It was the Jonathan administration that repaired and rehabilitated over 25, 000 kilometres of our nation’s roads. Nigeria also became a profitable and preferred investment-friendly destination. It was under President Jonathan, for example, that Nigeria’s electric power sector became more competitive and attractive to local and foreign investments.

The same administration promoted the rule of law, free speech, fundamental human rights, and a robust freedom of information regime. Women’s rights to participate in public life and the Federal Character principle as well as other Constitutional principles were also respected. In every respect, our administration promoted inclusive governance and encouraged all stakeholders including the private sector to play key roles in the transformation of Nigeria.

It should also not be forgotten that the Jonathan administration strengthened electoral institutions and created a peaceful environment for democracy to thrive. On this score, it is sad and ironic that the chief beneficiaries of that same legacy are the most vociferous today in condemning President Jonathan and his team.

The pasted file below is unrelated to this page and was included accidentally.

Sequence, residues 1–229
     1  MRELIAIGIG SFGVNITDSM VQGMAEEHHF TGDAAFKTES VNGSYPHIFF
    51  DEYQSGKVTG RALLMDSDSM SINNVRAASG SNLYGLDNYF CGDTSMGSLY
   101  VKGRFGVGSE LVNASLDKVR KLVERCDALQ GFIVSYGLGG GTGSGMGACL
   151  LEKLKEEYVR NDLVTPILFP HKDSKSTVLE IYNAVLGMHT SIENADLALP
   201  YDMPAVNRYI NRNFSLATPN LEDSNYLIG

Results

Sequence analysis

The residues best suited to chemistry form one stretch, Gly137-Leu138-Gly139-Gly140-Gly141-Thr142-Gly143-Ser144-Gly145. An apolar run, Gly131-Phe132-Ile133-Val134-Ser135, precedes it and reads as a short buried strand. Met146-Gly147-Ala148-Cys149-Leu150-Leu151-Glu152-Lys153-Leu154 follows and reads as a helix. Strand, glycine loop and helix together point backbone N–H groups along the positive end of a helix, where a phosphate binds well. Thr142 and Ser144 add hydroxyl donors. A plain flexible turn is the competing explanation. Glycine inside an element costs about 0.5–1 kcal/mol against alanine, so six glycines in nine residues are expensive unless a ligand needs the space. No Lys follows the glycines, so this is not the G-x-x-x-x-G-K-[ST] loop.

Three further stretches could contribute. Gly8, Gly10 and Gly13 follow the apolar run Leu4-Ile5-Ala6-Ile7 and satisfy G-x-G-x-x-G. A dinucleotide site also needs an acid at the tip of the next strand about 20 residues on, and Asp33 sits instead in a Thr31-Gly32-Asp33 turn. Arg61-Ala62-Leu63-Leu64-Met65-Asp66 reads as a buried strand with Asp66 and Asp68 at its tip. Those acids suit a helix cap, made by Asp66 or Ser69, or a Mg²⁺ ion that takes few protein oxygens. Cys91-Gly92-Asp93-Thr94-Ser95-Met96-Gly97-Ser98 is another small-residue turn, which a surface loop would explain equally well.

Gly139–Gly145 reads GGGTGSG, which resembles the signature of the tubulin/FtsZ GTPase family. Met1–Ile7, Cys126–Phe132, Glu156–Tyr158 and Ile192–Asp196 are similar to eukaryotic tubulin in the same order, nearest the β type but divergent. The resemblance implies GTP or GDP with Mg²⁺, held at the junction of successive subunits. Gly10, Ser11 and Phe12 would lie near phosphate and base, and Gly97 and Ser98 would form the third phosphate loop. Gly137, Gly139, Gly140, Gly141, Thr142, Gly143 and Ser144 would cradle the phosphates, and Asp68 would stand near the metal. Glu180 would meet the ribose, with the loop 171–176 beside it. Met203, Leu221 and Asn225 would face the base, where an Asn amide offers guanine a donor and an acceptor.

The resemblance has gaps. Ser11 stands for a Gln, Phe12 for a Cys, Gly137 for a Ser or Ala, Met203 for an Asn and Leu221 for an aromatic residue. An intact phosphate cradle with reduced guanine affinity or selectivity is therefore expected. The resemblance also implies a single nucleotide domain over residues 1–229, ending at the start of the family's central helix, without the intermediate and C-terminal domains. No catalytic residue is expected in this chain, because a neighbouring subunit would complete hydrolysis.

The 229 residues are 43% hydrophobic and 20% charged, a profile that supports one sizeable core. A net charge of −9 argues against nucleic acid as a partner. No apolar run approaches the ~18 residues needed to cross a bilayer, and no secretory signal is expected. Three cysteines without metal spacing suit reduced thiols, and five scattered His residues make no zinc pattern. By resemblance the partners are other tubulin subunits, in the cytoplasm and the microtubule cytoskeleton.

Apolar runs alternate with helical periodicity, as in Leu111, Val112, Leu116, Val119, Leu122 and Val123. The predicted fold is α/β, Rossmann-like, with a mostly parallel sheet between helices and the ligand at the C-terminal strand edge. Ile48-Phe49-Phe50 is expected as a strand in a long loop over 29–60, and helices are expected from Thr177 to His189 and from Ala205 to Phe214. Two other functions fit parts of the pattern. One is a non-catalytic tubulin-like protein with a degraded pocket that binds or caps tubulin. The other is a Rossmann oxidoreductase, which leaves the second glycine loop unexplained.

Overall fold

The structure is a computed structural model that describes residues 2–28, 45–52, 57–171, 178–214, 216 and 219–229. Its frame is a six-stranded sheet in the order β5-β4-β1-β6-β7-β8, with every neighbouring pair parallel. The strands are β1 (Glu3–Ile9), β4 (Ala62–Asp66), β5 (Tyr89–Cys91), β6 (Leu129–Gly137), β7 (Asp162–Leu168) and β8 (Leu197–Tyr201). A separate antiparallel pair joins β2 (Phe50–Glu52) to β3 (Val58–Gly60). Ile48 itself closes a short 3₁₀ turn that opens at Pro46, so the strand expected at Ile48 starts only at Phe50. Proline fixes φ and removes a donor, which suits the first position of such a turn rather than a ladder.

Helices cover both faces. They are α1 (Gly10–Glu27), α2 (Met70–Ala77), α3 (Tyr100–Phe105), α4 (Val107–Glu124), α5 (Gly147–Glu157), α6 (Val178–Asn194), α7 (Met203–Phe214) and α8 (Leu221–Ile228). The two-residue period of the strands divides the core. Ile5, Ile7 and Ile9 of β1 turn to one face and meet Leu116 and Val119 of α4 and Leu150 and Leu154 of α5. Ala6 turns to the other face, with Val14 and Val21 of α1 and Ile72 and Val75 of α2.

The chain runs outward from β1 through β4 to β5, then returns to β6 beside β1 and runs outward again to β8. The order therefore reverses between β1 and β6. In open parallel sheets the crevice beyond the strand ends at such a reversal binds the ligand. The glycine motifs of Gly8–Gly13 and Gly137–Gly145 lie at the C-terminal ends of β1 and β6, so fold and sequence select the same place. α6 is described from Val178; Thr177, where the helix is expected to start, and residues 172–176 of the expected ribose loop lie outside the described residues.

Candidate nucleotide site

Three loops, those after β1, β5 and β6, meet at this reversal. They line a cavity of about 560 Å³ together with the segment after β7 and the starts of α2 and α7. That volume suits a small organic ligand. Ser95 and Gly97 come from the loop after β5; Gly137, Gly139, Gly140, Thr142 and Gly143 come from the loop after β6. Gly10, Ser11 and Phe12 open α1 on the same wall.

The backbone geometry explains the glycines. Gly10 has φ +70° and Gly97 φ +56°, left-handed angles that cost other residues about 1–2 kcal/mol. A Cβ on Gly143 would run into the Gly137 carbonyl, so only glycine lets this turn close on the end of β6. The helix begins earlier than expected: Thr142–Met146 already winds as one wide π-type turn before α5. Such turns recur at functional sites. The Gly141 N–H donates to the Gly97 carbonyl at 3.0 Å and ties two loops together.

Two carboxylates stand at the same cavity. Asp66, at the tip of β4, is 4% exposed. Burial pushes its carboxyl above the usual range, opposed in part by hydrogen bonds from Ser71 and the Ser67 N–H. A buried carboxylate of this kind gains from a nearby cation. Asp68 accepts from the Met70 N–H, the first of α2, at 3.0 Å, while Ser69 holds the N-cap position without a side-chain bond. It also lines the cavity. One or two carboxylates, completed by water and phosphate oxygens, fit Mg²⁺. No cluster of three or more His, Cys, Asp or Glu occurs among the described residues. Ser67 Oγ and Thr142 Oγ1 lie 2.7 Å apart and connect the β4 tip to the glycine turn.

Perhaps the new administration and the APC would be sincere enough to publish the details of the hand over notes they received.

In addition, the Buhari administration should be fair enough to acknowledge the good works of the Jonathan administration. No administration can be either completely bad or completely good.

President Jonathan’s achievements in moving this country to greater heights deserve to be duly acknowledged. We urge President Muhammadu Buhari to build on these achievements.

We also urge him to press on with the anti-corruption fight, but in a fair and non-partisan manner, in line with due process, and not as a political witch-hunt.

The various lies and fabrications being peddled by some self-appointed spokespersons of the administration may entertain the unwary, but such sensationalism may achieve the unintended effect of de-marketing our
country within the international community. All such persons playing to the gallery for whatever gains should be called to order. The name-calling of members of the Jonathan administration and the trial by news media should also stop.

We encourage President Buhari to continue with the probes, but this must be in strict accordance with his oath of office to treat all Nigerians equally and with the fear of God.